Store Passwords in Windows Credential Manager to Avoid PowerShell Prompts

PowerShell makes work easier for admin by automating processes that require repetitions thereby reducing the possibility of errors. There is a common issue that admins face every day when they use PowerShell. As a Microsoft 365 admin, it is difficult to keep typing user names and passwords when connecting to multiple tenants, SharePoint sites, or various Office 365 services. To avoid being prompted for a user name and password in such cases, there are a few ways for it. Let’s check them out! 

 

How can you Bypass PowerShell Prompts? 

When running PowerShell scripts, credentials need to be saved in order for them to be fed into scripts that are run autonomously. 

Hard-coding the password in scripts – One of the common methods is to write the user name and password directly into the PowerShell script as plain text and then create PowerShell credential object to pass. The method does work to run a PowerShell script bypassing the Get-Credential cmdlet. But it is quite insecure, since PowerShell script stores string variables in plain text. Passwords that are hardcoded can easily be exploited by hackers to hijack into high-powered administrator accounts.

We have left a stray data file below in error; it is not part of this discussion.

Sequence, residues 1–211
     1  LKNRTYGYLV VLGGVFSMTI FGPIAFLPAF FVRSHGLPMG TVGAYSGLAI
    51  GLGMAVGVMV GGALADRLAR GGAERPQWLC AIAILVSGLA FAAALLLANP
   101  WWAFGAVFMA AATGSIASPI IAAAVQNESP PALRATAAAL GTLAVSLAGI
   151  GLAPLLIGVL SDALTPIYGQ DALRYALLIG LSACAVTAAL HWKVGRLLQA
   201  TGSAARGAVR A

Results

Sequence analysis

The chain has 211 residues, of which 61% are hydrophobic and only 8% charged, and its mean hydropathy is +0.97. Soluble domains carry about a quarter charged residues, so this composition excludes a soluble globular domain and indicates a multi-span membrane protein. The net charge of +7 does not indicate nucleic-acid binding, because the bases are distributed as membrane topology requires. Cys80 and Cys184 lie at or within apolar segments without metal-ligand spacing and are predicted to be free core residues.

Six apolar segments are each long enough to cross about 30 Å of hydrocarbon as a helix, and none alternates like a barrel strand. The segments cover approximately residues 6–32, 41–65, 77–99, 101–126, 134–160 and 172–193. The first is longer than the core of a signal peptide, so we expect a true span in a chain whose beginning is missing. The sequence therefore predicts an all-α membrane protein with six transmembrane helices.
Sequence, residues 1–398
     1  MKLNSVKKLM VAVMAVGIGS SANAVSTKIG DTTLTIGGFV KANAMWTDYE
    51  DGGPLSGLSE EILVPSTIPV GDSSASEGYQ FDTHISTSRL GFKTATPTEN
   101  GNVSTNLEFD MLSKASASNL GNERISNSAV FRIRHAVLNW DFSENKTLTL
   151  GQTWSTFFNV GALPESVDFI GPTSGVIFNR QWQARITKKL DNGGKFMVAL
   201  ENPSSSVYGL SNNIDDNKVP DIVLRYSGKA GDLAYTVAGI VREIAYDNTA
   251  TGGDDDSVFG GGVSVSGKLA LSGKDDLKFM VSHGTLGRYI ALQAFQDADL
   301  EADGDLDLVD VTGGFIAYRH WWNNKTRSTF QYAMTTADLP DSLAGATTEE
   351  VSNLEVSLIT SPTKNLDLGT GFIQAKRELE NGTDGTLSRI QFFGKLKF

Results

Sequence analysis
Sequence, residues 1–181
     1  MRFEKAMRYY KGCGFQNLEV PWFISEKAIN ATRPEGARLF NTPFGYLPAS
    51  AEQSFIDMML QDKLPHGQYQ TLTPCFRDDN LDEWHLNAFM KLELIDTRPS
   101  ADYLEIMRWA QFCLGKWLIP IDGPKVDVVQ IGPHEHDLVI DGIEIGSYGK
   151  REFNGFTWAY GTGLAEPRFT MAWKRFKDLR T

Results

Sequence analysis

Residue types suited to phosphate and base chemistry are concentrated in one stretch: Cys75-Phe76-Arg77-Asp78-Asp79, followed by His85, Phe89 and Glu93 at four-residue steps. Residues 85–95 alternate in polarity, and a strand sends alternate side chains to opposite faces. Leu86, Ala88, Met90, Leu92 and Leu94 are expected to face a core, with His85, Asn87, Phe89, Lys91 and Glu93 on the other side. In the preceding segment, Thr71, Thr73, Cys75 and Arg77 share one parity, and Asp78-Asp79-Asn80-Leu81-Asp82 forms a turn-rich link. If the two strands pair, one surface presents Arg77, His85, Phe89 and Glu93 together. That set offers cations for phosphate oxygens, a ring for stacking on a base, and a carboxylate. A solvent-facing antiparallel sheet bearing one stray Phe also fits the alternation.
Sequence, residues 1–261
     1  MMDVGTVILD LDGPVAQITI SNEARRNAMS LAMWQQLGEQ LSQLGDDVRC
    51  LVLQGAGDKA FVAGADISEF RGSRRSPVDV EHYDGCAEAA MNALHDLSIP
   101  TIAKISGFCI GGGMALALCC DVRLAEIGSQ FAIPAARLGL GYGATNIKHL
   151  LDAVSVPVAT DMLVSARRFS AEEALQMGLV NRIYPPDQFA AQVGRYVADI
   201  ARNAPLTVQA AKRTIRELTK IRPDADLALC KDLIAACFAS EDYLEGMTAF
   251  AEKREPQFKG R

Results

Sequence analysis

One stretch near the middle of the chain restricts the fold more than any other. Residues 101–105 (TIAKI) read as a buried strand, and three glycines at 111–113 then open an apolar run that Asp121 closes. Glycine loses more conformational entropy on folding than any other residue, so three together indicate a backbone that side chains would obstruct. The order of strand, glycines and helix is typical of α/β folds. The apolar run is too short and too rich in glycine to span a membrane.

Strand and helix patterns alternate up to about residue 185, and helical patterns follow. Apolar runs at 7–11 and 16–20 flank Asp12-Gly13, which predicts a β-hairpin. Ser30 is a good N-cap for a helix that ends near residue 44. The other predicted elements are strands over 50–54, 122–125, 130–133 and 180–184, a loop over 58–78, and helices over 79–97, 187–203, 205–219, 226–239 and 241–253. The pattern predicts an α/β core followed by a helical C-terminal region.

Storing Credential in a file – In few situations, admins may store password in a file as a plain text to run PowerShell without prompt. But it is generally not a good idea to store passwords in files. Even if the file is encrypted, there is still a risk that the encryption could be compromised, allowing attackers to access the passwords.  

Since the risks associated with storing passwords in a file and hard coding the password in scripts far outweigh any potential benefits, using Credential Manager became more of a practice. 

Windows Credential Manager – Windows Credential Manager is a user-friendly password manager where you can save credentials for accessing network resources, websites, and apps. It allows keeping 4 types of credentials which includes Windows Credentials, Certificate-Based Credentials, and Web Credentials. In addition to saving your login user names and passwords, Credential Manager also allows you to view, delete, add, backup, and restore credentials.  

Let’s dive right in and learn how Windows Credential Manager helps to bypass PowerShell scripts without getting prompted for passwords.